Digitize Your Budget with These Online Tools
Notebooks, graph paper, and saved receipts have played their part, but now digital budgeting tools have taken center stage. With the ability to track and sort your purchases in real time or pay bills automatically on your behalf, these handy tools are a necessity for getting your budget back on track. You can't argue that there's nothing more frustrating than trying to find a missing receipt or important document.
Overwhelmed by your options or don’t know what’s out there? We’ve compiled a list of some popular recommendations – including a few tools of our own!
1. My Money Manager
Included natively in your American Heritage Online Teller account is a service called My Money Manager, accessible via desktop after logging in. You’ll find My Money Manager in the navigation tabs in Online Teller and clicking it will show you an overview of your expense categories. Set savings goals, review dividends, compare 3-month averages, and see your American Heritage account activity in one place without downloading a third-party service.
2. Use Bill Payer
Autopay can be one of the greatest boons to the modern budget but remembering so many individual accounts can be a pain. Manage all bills in one central location, right from your American Heritage account, by using Bill Payer. See upcoming bills, history totals, and more to simplify your budgeting process. Bill Pay even has the ability to mail paper checks for bills that require one, like an HOA or rent payment.
3. Set calendar reminders for bill due dates
The easiest place to start is by organizing your expenses. The most common costs on your list will likely be bills, so add their due dates to your virtual planner. Your phone, computer, email, and more include calendar functionality, so choose which one you refer to most often. This will allow you to see your expenses alongside your appointments and other important to-dos, as well as schedule custom reminders.
4. Scan, save, and organize receipts
As more purchases are made online, receipts crowd our email inbox more than our wallets. Sorting your inbox with folders or saving receipts to your hard drive as a PDF are great ways to organize your purchases and reference warranties or guarantees. To keep everything together, take photos of your paper receipts or upload them onto your computer using a scanner, then discard the originals once they’re no longer needed.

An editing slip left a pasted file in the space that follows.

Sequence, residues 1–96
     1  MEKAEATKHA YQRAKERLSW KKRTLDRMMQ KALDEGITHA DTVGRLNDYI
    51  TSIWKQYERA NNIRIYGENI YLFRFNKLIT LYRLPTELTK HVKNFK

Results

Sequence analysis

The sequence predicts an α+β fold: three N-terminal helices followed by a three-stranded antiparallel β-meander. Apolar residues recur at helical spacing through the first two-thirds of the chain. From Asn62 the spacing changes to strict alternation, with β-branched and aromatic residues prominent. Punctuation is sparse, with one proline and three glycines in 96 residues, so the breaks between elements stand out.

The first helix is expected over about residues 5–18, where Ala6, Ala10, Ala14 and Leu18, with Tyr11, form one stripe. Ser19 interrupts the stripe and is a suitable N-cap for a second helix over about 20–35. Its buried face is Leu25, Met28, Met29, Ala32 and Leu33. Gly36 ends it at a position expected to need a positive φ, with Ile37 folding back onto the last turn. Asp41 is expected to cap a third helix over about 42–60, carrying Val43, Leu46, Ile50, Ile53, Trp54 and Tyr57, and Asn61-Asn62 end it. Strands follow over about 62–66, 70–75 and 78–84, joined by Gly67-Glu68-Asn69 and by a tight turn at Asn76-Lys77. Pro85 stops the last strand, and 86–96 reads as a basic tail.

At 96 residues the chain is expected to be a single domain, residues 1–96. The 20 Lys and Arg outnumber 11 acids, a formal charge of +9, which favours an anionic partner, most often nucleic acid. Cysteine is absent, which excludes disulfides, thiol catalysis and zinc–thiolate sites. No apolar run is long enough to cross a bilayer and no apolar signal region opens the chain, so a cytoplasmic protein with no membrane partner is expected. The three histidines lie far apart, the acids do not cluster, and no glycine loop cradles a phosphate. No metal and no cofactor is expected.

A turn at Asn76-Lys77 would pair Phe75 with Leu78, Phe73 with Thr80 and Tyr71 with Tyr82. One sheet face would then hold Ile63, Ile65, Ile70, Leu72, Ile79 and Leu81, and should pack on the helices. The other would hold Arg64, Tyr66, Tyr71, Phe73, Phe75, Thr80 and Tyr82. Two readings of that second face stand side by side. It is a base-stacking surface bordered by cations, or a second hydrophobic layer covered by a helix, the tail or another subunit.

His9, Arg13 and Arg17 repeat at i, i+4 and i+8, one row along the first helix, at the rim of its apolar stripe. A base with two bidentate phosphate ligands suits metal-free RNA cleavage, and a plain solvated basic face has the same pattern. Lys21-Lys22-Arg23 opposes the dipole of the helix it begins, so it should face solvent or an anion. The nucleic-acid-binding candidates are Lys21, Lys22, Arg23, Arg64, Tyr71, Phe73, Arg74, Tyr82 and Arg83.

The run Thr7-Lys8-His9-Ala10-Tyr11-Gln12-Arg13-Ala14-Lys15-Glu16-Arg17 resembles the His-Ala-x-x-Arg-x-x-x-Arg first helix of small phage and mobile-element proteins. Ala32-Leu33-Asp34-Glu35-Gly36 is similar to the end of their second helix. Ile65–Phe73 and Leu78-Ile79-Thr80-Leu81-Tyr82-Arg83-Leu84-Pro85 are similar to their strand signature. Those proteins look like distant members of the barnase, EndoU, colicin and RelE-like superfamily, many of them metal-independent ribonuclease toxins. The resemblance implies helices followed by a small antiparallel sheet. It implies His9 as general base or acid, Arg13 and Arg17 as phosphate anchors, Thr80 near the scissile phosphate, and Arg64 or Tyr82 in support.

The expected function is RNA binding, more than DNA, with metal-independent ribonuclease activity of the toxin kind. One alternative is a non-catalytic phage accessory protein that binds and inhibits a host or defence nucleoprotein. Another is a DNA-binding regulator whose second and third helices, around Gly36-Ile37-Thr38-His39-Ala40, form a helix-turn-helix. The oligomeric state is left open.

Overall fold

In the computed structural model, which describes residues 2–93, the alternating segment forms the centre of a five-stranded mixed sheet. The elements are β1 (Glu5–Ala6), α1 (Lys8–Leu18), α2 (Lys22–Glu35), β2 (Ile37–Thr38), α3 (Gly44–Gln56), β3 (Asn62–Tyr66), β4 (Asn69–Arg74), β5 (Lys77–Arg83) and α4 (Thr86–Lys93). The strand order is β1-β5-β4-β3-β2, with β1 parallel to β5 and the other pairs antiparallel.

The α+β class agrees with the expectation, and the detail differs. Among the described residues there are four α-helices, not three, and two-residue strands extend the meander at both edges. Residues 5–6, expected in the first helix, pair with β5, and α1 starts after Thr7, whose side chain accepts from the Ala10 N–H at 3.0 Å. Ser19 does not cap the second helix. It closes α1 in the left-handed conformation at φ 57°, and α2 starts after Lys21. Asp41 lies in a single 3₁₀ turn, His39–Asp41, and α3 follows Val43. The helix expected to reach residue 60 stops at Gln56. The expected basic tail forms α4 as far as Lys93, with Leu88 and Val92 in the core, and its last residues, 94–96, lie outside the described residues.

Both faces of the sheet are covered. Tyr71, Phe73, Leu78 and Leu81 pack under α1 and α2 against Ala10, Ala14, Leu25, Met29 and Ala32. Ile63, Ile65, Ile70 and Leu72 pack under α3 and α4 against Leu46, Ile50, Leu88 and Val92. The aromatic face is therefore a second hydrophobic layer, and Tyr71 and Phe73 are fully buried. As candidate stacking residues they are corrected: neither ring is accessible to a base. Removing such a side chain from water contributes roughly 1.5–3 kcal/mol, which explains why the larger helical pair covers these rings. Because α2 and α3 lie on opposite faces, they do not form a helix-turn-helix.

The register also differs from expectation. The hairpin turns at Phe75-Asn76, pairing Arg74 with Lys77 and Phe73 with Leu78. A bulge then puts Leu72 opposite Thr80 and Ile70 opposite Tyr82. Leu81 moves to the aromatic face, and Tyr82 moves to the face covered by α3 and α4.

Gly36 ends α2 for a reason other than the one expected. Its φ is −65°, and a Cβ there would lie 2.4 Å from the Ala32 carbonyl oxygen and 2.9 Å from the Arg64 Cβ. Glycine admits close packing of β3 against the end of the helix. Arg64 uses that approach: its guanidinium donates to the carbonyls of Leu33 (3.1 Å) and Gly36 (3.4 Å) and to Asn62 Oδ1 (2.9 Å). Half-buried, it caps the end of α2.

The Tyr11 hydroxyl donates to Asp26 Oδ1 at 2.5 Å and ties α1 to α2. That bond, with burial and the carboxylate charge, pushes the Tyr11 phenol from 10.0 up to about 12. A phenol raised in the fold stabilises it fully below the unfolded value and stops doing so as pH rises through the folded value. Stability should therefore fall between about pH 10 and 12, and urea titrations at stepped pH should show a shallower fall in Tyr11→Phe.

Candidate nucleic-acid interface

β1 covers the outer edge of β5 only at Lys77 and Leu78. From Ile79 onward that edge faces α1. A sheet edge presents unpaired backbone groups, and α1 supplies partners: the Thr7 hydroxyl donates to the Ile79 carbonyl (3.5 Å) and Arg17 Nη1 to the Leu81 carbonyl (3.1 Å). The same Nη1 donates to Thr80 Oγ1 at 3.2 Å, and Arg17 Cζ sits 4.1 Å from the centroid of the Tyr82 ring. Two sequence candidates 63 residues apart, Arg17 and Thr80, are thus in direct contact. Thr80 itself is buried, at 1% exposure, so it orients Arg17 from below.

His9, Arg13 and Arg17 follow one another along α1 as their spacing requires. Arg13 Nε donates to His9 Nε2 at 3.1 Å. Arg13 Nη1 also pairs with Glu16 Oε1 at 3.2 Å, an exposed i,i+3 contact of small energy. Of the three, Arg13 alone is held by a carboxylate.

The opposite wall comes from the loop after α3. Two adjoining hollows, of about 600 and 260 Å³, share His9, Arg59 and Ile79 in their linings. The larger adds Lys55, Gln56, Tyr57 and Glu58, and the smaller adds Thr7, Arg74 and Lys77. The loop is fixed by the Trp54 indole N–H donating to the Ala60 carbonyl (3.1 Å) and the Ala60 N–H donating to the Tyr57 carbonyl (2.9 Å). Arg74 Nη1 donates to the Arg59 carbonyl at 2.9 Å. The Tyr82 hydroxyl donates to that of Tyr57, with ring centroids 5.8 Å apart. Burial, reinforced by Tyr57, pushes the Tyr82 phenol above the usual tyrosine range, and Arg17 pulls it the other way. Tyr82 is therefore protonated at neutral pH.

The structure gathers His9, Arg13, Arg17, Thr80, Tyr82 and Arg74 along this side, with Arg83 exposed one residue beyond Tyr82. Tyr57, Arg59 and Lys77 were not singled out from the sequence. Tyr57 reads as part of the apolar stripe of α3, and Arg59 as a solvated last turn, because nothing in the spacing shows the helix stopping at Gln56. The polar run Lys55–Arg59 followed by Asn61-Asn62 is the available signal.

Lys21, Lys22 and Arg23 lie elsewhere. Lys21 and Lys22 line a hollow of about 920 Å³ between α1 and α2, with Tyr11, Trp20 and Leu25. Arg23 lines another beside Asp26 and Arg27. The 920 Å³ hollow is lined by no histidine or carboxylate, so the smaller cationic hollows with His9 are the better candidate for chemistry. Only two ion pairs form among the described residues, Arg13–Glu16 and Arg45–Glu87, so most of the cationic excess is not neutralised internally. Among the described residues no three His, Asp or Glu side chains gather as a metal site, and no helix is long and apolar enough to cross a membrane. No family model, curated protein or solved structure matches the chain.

5. Keep a spreadsheet
Though not revolutionary, keeping a digital spreadsheet of expenses, savings, income, and other budgeting categories is always a smart idea. A spreadsheet allows you to move or adjust numbers as needed and mathematical functions keep the calculator away. If you can’t help but use paper documents, your spreadsheets can always be printed out for review, making them a versatile and familiar option.
6. Download an app
There are plenty of budgeting apps available for smart phones and computers. Some even include the ability to link to your bank and utilities accounts to report balance changes in real time! Services like Mint or You Need a Budget organize your data into helpful graphs and are available on-the-go on your smartphone. Before using any apps that access your sensitive information, read the privacy and data policies carefully to stay safe.
Your Partner and Guide
These user-friendly tools are designed to build confidence and independence, but managing your money is never something you have to do alone. A financial advisor can be an invaluable partner in your journey to achieving financial wellness. Tapping into the knowledge of a (human) expert can help provide answers to your more specific questions and scenarios.